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5/2/15 Cover


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Oyster shells could inspire improved armor

Small indentations in mollusk shells (one shown) have revealed several physical processes that could be used to design more impact-resistant armor.

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Making tiny indentations in the shells of windowpane oysters (Placuna placenta) has revealed how the protective layer keeps from crumbling, even after multiple hits. The shells are made of layered, diamond-shaped calcite crystals. When stressed, the atoms of the crystals at the impact point move a short distance, mirroring the pattern of the original crystal structure.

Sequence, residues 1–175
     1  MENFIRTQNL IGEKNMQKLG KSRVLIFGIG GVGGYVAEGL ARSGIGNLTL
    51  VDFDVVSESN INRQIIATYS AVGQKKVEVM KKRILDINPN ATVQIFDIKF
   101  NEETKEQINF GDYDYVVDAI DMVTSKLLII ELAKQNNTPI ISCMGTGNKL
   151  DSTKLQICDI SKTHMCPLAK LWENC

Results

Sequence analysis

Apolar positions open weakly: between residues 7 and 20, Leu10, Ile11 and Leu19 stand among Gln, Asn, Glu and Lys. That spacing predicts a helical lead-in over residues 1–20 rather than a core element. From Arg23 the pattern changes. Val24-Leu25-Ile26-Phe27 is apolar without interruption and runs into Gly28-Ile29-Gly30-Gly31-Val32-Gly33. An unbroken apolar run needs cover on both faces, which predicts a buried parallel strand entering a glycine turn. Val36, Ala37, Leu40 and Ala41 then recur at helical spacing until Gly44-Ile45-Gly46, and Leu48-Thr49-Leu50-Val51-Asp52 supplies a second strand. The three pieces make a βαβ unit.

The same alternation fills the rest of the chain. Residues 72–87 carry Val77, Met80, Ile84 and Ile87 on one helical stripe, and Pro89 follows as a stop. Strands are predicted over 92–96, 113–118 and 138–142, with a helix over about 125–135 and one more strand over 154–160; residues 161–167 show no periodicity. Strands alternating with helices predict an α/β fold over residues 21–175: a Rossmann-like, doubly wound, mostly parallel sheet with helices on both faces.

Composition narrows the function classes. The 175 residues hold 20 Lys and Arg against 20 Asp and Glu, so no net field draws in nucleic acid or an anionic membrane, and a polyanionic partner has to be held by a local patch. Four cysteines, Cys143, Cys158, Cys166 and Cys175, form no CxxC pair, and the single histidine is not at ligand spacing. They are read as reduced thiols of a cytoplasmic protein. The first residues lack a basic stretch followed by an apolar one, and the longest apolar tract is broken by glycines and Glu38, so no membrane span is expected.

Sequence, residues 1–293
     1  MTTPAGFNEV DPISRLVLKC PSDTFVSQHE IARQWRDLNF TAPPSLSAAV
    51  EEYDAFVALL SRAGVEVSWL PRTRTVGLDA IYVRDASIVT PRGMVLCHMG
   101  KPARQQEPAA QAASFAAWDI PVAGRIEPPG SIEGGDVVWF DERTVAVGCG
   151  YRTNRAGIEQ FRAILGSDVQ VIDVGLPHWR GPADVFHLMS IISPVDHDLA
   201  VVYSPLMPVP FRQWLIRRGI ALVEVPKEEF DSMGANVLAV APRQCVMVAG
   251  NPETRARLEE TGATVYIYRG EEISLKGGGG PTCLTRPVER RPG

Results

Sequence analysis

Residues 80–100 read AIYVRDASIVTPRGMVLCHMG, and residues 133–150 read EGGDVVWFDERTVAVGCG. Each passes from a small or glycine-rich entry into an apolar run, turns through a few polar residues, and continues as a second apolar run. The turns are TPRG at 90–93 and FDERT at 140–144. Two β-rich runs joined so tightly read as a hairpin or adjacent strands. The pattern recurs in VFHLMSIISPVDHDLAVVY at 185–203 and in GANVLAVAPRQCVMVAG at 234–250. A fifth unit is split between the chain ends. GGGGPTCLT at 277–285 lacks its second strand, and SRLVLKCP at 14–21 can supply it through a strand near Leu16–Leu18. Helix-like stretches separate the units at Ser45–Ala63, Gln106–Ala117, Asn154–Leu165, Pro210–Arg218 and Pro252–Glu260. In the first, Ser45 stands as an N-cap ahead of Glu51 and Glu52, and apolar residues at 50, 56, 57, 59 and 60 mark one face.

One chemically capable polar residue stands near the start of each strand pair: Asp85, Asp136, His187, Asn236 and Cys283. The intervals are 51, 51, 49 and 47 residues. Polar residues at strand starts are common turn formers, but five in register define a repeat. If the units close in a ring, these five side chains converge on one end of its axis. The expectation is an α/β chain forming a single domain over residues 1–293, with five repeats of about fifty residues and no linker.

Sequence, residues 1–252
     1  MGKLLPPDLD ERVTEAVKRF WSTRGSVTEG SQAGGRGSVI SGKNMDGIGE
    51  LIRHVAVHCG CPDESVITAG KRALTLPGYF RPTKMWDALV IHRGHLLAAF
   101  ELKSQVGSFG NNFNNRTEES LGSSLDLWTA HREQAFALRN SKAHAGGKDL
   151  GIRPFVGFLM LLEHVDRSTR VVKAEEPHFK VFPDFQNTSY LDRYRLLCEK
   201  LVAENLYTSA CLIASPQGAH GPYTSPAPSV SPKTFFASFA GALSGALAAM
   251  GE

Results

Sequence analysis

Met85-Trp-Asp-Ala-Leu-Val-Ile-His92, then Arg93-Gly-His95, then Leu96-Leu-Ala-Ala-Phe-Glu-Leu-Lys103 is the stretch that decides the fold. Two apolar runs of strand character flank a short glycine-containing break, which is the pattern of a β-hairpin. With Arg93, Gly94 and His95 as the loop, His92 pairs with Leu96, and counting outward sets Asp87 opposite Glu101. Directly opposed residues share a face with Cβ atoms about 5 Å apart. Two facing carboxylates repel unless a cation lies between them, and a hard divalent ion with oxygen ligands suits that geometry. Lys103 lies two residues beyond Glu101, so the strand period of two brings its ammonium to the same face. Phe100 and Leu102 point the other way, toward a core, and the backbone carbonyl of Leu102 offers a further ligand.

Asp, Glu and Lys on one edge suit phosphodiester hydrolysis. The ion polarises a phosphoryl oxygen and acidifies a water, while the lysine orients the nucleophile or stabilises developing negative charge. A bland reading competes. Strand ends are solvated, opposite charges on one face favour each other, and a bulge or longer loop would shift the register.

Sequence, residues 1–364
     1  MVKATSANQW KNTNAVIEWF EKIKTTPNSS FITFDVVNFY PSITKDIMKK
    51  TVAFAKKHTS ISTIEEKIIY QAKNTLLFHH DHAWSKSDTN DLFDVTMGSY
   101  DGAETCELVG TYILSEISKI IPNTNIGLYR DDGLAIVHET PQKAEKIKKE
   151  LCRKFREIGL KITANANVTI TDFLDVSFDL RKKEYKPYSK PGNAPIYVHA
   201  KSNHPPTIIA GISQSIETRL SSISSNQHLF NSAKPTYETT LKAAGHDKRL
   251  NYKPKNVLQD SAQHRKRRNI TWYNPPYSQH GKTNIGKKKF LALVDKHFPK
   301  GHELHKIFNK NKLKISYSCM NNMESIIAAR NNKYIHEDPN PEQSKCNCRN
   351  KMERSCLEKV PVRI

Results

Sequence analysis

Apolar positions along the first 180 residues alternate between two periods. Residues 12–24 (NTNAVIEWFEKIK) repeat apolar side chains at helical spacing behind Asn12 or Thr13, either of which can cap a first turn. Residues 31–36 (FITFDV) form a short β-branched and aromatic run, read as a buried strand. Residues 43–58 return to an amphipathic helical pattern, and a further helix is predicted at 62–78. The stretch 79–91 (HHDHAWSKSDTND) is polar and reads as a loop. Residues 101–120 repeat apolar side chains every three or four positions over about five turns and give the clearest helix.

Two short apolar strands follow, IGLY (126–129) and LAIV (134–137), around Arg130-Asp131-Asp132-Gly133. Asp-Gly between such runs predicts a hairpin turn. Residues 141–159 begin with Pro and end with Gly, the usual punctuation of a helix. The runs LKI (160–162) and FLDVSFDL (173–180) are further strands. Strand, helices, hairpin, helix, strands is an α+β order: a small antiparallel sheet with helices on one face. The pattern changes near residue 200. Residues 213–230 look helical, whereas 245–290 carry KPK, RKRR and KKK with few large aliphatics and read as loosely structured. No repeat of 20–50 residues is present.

The process spurs other changes, such as stretching of material between crystals, that confine the damage to a small area, researchers report March 30 in Nature Materials. The results could lead to improved armor, making it more resistant to multiple hits, the scientists say.

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